Though both dance cultures have evident usage of the spine, ‘Night Journey’ consists of the use of spine in contraction whereas ‘Recuerdo’ uses the back as a means of support for the arms.

In Martha Graham’s 1947 work ‘Night Journey’, Graham’s technique is evident with the use of virtuosic contractions and release performed. The seven dancers travel across the space in a sideways movement facing the audience with their arms held low and straightened beside them without touching their body and their legs transversing the space using their body weight by leaning to the left and curving their spine to the left to initiate their footsteps. After taking two steps, they spread their arms sideways at their shoulder length. In this held position, the use of the contraction and release technique is evident as they contract and shift their torso back with keeping the limbs in place and contract. By releasing, they return to their original position and repeat the step multiple times. Most of the movement is displayed in the movement of their back as the rest of their body remains in the fixed position. The contraction and release initiated from the abdominal muscles causes the spine to curve and once again return to a neutral upright upper body.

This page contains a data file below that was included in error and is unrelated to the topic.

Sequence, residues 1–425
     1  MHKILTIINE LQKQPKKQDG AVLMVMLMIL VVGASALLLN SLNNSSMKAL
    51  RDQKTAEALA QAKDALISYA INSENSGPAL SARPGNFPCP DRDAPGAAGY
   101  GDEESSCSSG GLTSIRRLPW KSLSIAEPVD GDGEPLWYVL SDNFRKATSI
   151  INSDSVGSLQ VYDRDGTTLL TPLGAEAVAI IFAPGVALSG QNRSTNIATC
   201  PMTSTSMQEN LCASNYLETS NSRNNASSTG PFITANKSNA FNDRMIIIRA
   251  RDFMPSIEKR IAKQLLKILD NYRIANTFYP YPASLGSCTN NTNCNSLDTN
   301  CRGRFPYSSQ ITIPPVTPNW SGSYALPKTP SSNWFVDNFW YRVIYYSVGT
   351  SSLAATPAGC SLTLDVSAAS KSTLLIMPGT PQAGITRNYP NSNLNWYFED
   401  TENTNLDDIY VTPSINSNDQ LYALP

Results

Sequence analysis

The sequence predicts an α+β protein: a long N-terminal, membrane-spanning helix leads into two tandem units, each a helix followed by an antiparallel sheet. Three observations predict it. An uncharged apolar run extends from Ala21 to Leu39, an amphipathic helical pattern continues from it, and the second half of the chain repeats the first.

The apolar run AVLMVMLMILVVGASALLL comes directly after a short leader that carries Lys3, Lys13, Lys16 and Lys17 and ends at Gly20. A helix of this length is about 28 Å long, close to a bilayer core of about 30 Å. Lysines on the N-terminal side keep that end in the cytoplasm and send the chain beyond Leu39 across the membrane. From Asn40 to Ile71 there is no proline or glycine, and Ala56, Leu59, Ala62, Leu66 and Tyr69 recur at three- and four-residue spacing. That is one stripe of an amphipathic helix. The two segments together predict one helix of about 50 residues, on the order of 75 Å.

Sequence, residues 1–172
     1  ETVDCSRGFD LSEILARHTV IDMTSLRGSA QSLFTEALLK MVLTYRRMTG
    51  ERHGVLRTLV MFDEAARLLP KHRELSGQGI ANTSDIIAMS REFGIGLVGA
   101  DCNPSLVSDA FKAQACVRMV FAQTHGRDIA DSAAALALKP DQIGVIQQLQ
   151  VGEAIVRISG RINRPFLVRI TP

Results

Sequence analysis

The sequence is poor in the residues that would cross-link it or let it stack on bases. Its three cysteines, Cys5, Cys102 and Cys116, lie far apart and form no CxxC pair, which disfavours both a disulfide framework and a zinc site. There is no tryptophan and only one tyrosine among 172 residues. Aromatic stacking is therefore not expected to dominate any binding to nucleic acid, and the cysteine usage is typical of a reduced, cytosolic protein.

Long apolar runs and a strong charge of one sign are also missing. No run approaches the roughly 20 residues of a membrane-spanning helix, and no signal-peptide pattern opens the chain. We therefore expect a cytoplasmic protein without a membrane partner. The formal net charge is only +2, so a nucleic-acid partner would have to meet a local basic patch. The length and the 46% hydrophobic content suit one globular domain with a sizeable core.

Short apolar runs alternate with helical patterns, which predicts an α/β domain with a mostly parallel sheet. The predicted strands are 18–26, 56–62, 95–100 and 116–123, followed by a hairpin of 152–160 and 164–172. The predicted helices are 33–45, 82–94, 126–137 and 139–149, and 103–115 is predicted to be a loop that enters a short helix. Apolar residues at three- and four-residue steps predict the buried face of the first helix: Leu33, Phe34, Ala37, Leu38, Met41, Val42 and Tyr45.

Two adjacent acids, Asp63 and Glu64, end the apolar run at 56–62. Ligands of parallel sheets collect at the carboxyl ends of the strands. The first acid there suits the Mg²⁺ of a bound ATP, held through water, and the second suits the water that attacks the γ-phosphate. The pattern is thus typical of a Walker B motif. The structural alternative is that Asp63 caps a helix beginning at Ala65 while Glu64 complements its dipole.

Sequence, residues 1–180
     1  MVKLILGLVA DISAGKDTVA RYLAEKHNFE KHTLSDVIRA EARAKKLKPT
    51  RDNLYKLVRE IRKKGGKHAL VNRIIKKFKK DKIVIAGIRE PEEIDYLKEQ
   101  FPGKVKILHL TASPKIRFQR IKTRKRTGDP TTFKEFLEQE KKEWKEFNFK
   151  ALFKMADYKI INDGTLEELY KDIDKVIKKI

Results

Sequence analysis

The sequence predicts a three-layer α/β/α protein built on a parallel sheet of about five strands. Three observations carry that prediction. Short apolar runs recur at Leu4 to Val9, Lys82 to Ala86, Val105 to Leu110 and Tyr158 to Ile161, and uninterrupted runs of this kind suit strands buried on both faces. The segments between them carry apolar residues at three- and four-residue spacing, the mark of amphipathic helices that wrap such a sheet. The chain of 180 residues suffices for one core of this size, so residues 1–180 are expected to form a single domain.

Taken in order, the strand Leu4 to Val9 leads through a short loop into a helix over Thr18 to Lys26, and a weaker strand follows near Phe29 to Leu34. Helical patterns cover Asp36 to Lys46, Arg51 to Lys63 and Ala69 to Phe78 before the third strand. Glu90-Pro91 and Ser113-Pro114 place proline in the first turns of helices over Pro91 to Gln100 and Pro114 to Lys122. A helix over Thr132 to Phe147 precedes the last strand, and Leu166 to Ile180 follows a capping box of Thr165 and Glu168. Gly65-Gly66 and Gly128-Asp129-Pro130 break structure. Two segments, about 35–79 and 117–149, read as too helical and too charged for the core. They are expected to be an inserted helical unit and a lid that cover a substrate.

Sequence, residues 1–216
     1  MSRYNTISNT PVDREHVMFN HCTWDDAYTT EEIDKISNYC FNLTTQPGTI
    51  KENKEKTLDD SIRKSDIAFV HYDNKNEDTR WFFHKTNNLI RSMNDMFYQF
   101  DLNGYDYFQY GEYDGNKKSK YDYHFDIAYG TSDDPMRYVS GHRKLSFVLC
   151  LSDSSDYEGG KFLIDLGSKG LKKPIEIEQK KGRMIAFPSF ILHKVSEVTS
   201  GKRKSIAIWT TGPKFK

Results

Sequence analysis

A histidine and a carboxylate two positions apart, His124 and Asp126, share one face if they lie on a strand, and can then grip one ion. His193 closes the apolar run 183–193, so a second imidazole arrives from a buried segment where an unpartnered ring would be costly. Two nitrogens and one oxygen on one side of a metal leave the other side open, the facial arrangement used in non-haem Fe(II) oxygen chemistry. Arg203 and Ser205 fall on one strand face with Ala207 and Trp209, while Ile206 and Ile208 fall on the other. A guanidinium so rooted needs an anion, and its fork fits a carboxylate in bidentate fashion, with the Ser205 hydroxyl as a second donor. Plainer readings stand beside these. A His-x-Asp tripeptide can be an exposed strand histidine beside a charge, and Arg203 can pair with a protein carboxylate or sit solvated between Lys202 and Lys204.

The tango piece ‘Recuerdo’, choreographed by Carlos Saura, the major focal point of the piece is seen through the legs. Hence, the upper body remains in the fixed embrace for the duration of the piece. As such, the back muscles of both the leader and the follower needs to be engaged for the leader to guide, and for the follower to know where the leader is guiding them to. Furthermore, the use of the back muscles helps to maintain the position of embrace needed in such a dance that is reliant on the partnership of the dancers. Throughout the piece, both dancers maintained a steady position of embrace with lifted elbows and splayed hands in contact with each other. Therefore, the back muscles though unlike the curvature seen in Modern Dance is used as a support for the carriage of the arms instead of showcasing movement itself.

Consequently, in this comparative essay, I compare Martha Graham Modern Dance as a familiar dance culture and Argentine Tango as an unfamiliar dance culture, by evaluating in detail the history, current context, the dance element, and analysis of excerpts of each dance. As dance is a significant part of cultures across the globe, this essay provides an insight into the similarities and differences in the way dance is practiced in different regions of the world.